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Editor's comment: It should be illegal to sit on empty homes

PUBLISHED: 14:30 28 August 2019 | UPDATED: 10:05 01 October 2019

A block in West Hampstead. Picture: POLLY HANCOCK

A block in West Hampstead. Picture: POLLY HANCOCK

Archant

Today we report on parallel London-wide scandals: that of homes sitting empty across the capital, and that of the lack of adequate permanent social housing.

While one of these may not have directly caused the other, there can be few more fundamental contrasts between the haves and the have-nots: every empty home could potentially be occupied by someone in need, and for every family with two homes (and for many others besides) there is a family with none.

Both scandals have as their root cause the damaging attitude of recent decades - by politicians and by individuals - that homes are an investment opportunity rather than a human right.

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Islington and Hackney are to be praised for their policy on limiting "buy to leave" sales, but in Islington's case the fact the number of empty homes has barely changed since it introduced penalties suggests more detection and enforcement are needed. Hackney's clampdown on overseas and buy-to-let sales, by contrast, has yielded some good figures for owner-occupiers in new builds.

Meanwhile Haringey's questionable data collection does little to aid the necessary London- and UK-wide understanding of the housing crisis.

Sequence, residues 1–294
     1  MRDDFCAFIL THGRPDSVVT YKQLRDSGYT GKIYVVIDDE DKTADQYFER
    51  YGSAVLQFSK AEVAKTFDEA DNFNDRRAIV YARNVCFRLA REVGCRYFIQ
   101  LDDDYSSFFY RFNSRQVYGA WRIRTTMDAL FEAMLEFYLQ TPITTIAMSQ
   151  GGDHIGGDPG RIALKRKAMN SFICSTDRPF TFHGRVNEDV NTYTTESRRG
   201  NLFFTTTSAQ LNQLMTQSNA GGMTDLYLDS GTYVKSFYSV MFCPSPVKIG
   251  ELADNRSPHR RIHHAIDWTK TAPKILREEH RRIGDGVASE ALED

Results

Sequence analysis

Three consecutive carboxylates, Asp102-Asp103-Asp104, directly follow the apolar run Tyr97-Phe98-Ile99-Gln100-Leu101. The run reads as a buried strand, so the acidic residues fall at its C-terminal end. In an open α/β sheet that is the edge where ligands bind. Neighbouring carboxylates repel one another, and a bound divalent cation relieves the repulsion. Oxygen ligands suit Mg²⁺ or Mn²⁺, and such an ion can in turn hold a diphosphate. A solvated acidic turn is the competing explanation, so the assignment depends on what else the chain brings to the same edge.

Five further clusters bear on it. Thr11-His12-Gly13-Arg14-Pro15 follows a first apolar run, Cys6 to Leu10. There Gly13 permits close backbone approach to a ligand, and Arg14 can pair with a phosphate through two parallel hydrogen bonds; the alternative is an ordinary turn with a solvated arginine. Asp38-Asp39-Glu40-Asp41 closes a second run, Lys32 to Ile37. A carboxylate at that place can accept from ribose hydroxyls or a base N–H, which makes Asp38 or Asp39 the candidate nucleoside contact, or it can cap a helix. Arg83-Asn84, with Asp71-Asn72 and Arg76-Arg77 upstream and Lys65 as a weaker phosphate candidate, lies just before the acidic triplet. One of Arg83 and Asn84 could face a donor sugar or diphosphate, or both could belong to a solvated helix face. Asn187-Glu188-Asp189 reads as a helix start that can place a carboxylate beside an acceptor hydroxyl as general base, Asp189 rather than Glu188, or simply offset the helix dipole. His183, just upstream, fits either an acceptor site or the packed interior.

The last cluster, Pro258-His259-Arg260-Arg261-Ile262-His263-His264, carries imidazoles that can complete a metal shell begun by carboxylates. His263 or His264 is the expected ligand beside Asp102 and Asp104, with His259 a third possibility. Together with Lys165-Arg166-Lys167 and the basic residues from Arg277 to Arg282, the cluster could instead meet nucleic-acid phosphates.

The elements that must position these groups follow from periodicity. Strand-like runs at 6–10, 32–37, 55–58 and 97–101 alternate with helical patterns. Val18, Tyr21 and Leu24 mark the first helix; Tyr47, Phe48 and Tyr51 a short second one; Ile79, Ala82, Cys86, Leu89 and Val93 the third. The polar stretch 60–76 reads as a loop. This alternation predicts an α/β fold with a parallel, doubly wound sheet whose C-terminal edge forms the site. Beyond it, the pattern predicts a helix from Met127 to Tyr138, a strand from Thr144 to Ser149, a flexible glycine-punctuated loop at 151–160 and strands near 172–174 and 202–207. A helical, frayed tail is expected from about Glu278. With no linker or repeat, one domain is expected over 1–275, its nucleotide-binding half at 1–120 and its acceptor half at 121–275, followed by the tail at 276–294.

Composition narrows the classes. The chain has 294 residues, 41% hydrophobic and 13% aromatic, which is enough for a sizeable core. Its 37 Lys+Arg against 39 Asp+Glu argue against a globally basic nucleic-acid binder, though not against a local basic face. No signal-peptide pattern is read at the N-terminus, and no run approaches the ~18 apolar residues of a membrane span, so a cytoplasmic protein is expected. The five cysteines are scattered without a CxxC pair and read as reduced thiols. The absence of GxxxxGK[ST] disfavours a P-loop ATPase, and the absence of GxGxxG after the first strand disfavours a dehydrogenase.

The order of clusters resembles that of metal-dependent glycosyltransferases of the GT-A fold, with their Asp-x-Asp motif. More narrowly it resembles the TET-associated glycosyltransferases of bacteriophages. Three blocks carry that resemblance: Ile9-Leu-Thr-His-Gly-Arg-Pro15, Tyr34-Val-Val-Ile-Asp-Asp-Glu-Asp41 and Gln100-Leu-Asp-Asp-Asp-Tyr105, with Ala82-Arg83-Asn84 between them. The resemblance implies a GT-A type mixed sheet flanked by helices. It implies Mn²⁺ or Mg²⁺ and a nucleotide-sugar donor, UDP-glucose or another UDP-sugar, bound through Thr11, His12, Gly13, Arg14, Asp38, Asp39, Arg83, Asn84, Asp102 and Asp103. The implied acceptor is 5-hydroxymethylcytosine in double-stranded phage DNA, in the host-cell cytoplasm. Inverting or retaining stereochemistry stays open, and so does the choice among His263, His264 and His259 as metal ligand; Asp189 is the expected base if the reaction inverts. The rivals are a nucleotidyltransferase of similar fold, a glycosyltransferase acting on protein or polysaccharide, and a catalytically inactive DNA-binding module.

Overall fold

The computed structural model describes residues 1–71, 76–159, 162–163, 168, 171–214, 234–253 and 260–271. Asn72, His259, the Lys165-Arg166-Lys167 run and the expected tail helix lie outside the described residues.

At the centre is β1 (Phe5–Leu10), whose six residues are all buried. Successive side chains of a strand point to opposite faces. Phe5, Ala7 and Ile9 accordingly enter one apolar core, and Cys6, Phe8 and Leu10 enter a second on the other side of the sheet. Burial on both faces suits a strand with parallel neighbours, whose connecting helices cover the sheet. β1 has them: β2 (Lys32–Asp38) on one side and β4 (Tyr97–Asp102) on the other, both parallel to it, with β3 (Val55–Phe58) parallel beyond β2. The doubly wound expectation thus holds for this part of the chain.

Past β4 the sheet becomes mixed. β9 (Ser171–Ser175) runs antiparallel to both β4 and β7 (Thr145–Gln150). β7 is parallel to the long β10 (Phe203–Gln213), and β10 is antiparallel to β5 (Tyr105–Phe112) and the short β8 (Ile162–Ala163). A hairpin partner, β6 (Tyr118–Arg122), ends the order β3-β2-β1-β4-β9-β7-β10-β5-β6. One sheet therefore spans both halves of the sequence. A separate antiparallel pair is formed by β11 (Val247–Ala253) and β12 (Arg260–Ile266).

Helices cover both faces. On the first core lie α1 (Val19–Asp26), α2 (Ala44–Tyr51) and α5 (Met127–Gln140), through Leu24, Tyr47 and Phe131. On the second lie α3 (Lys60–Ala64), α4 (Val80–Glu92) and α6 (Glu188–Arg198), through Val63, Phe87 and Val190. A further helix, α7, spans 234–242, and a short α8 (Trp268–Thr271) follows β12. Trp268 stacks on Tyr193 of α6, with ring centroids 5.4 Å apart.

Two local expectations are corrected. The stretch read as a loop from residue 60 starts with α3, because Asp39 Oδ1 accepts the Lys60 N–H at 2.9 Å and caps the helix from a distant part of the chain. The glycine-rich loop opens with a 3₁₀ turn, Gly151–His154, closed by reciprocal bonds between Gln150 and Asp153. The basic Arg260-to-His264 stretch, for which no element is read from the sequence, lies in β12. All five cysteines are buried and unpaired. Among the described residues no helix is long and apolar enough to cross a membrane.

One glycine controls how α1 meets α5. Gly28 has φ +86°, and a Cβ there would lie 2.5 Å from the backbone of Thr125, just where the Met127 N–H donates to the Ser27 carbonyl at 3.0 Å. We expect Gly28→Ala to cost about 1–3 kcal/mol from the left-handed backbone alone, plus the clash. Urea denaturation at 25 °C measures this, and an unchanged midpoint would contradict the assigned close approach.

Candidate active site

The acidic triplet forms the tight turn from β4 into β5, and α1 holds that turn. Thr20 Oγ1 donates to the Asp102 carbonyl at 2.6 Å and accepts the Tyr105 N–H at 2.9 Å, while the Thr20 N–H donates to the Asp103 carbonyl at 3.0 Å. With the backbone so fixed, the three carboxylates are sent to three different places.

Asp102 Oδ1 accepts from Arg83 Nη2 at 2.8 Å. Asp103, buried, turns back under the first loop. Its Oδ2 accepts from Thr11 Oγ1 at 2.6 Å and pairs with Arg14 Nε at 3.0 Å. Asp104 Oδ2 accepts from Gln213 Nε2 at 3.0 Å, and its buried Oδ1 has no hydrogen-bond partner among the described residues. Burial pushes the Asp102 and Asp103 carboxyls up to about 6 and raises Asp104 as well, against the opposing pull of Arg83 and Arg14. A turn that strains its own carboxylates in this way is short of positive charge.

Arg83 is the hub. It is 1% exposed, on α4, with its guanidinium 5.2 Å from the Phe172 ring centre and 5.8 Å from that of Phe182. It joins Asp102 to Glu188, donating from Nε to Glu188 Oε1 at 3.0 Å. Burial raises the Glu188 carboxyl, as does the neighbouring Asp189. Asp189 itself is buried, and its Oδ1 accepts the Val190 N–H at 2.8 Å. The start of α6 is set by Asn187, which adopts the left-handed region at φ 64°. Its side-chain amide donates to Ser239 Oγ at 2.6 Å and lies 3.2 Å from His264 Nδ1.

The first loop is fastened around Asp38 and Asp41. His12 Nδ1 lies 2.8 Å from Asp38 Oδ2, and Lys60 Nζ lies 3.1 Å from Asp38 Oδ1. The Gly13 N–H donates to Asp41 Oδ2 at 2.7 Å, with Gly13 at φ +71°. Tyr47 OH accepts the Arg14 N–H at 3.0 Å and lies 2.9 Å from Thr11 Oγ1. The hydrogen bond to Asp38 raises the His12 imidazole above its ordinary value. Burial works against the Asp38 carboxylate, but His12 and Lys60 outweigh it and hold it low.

I doubt additional council tax would be an adequate deterrent to anyone wealthy enough to own two homes. Instead, it should simply be illegal to keep a house empty. (Better still, we should return all land ownership to the commons, though I accept this may be a slightly less popular political project.)

The argument against second homes is a little complex - people who live in London during the week do spend money in the local economy, and save the emissions of a long daily commute - but it cannot be the case that one person or family occupying two homes is the fairest way to solve any problem.

There is such a shortage of key worker housing for Londoners who can neither afford to commute in every day nor to buy a first private home let alone a second one; and the obstacle to building more is not just money but space. The "right" of anyone to a second or, worse, an empty home must be secondary to the needs of people with nowhere to live, and of London's public services for skilled and diverse workers.

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